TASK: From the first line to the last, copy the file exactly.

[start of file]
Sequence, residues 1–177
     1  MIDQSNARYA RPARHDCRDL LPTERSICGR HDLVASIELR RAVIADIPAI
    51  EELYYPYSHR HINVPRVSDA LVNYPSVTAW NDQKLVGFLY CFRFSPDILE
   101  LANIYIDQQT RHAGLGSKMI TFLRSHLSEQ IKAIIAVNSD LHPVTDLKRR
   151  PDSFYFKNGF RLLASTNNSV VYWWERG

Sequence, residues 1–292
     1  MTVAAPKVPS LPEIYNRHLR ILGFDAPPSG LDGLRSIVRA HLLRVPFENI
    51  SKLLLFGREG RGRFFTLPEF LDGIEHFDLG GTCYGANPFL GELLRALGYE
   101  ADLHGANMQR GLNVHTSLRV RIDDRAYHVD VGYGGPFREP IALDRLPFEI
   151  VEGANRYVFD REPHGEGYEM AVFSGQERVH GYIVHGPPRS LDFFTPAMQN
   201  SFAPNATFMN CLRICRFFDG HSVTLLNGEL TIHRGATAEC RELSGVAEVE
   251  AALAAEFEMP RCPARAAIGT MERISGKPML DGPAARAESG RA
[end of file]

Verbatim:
Sequence, residues 1–177
     1  MIDQSNARYA RPARHDCRDL LPTERSICGR HDLVASIELR RAVIADIPAI
    51  EELYYPYSHR HINVPRVSDA LVNYPSVTAW NDQKLVGFLY CFRFSPDILE
   101  LANIYIDQQT RHAGLGSKMI TFLRSHLSEQ IKAIIAVNSD LHPVTDLKRR
   151  PDSFYFKNGF RLLASTNNSV VYWWERG

Sequence, residues 1–292
     1  MTVAAPKVPS LPEIYNRHLR ILGFDAPPSG LDGLRSIVRA HLLRVPFENI
    51  SKLLLFGREG RGRFFTLPEF LDGIEHFDLG GTCYGANPFL GELLRALGYE
   101  ADLHGANMQR GLNVHTSLRV RIDDRAYHVD VGYGGPFREP IALDRLPFEI
   151  VEGANRYVFD REPHGEGYEM AVFSGQERVH GYIVHGPPRS LDFFTPAMQN
   201  SFAPNATFMN CLRICRFFDG HSVTLLNGEL TIHRGATAEC RELSGVAEVE
   251  AALAAEFEMP RCPARAAIGT MERISGKPML DGPAARAESG RA